Amazon’s Modern Love is all about love and relationships in the digital age. Now in its second season, the anthology series adapts stories of hope and heartache from a New York Times column that’s been running for over 17 years. While the first season took place entirely in New York City, Season 2 was filmed in Dublin, London, and New York and features people of different ages, races, and sexual orientations. The episodes delve into a number of different relationships, from a wife unable to move on from her husband’s death to a young woman figuring out if she’s queer. There’s also another A-list cast: Kit Harington, Sophie Okonedo, and Dominique Fishback are among the actors in Season 2.
Amazon has not yet announced if the show will return for Season 3, but there are plenty of stories that could be adapted in the future. Kit Harington’s episode was even based on a 99-word “Tiny Love Story,” opening the creative possibilities beyond the NYT column.
Here’s everything to know about a potential third season.
The Modern Love Season 3 Premiere Date
Because Modern Love hasn’t been renewed, there’s no premiere date. But the show was renewed for Season 2 just days after its Season 1 debut; as long as the viewership holds up, it stands a good chance at coming back.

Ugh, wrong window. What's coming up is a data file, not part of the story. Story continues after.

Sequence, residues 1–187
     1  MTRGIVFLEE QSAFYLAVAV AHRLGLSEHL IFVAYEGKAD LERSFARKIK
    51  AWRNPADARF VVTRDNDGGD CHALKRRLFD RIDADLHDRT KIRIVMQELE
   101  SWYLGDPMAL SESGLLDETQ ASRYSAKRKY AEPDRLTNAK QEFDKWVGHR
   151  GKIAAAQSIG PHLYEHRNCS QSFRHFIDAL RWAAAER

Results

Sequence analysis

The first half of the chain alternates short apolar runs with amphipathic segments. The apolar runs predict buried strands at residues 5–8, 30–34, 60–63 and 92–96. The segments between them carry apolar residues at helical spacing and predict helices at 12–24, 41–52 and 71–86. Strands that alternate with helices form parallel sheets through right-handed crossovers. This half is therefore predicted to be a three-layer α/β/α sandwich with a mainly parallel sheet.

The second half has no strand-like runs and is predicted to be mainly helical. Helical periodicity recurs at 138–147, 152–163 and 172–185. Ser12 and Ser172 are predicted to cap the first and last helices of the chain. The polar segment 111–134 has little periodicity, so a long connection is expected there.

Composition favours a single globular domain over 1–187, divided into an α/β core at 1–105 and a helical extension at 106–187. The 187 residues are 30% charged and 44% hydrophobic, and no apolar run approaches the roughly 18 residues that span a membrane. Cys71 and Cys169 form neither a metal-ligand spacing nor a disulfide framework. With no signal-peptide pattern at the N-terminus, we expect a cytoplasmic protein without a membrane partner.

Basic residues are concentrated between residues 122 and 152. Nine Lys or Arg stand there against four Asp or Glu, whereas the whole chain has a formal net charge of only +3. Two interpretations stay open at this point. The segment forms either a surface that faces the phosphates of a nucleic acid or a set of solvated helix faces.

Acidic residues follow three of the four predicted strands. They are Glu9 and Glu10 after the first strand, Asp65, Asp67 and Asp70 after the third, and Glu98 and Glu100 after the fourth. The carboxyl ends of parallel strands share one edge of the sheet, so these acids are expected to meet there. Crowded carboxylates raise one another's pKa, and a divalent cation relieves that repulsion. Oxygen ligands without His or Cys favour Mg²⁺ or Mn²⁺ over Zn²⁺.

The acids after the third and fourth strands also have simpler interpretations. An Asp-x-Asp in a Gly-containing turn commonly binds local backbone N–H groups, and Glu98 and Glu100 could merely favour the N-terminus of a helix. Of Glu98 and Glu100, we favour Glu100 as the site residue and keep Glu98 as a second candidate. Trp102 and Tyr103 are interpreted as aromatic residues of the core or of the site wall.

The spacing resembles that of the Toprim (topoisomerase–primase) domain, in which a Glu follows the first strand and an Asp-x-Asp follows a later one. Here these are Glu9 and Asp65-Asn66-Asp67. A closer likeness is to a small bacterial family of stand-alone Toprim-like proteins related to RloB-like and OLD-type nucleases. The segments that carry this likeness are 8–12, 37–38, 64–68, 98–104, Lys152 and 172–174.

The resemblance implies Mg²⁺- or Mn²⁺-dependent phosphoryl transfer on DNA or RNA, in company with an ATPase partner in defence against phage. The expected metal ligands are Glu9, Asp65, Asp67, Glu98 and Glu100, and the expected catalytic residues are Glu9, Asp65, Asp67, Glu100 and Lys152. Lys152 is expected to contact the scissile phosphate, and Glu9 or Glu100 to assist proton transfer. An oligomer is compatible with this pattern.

The Modern Love Season 3 Cast
Though Modern Love has featured a number of recognizable actors, series creator John Carney told Entertainment Weekly that they never plan who to cast in advance because “it's too disappointing then when they turn you down.” Instead, they focus on choosing the right stories for the season. “Obviously you have voices in your head of how people should sound. You hear actors or intonations that you recognize from other shows or movies. But it would be a mistake to imagine it too much, and so I leave it very open,” Carney said.
The Modern Love Season 3 Stories
When it comes to choosing the stories, Carney told Entertainment Weekly that they always look for stories that are “outside of a certain milieu or a certain class system, or financial bracket or any of that” and try to be as inclusive as possible of “different types of people, different types of love, people in different worlds.” (Per The Hollywood Reporter, the original authors are paid for the use of their stories.)
The “Modern Love” column features well over 750 authors, and the show has yet to adapt what The New York Times has listed as their greatest “Modern Love” hits. For example, there’s a story of a woman who hasn’t dated in eight years, a man who ends up on a date with a woman who used his sperm donation, and a woman who’s practicing “secondary abstaining.”
Wherever the show decides to go, Carney told The Hindu that Modern Love is less about being “super current” in it’s references to modern technology and “more about being romantically truthful” about what it’s like to be in a relationship today, regardless of identity or geography.
This post will be updated as more information becomes available.